The media is portraying the movement as vast and growing. But that is not necessarily the case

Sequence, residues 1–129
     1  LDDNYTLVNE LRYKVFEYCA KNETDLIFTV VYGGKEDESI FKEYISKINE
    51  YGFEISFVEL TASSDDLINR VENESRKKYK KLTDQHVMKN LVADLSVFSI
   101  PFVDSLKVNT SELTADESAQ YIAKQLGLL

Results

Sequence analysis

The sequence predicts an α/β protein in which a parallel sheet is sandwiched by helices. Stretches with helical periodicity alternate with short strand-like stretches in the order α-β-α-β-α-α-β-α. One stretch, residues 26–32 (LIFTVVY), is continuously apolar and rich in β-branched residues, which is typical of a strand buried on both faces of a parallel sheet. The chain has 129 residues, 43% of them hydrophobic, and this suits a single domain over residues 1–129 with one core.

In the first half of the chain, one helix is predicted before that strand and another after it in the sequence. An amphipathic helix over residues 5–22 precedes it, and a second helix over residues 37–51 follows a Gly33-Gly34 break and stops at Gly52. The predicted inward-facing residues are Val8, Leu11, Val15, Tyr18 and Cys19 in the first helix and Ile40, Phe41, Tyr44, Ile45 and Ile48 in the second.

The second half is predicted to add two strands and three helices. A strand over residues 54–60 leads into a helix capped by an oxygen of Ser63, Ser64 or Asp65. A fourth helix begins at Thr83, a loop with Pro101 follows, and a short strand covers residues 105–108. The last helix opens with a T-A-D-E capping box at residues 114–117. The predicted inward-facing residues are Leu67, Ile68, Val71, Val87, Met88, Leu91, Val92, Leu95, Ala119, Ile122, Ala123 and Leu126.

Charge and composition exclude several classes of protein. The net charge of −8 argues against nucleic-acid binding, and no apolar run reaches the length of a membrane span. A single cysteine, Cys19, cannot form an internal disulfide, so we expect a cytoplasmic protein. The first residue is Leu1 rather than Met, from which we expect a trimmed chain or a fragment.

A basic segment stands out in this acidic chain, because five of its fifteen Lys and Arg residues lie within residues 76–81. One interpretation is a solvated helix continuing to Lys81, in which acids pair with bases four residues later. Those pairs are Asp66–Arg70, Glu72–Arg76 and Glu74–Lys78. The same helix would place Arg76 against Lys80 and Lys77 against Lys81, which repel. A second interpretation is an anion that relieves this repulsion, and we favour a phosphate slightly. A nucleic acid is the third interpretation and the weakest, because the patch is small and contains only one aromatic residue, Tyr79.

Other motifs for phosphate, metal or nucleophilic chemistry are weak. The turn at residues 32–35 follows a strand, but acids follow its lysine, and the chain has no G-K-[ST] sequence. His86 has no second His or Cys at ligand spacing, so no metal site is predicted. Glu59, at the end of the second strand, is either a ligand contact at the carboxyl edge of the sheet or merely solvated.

If you spent the last week reading the headlines out of the United States, you might get the impression that the QAnon conspiracy theory – that baby-eating Satanic sex traffickers control the government – has become a majority belief. The New York Times even went so far as calling it “mainstream”, comparing it to the once influential Tea Party, which blossomed from a minor grassroots movement into a brand with numerous elected proponents. Although there is surely disagreement about the mainstream status of QAnon across journalists and pundits, coverage of the movement seems to be unified in the assessment that the movement is growing.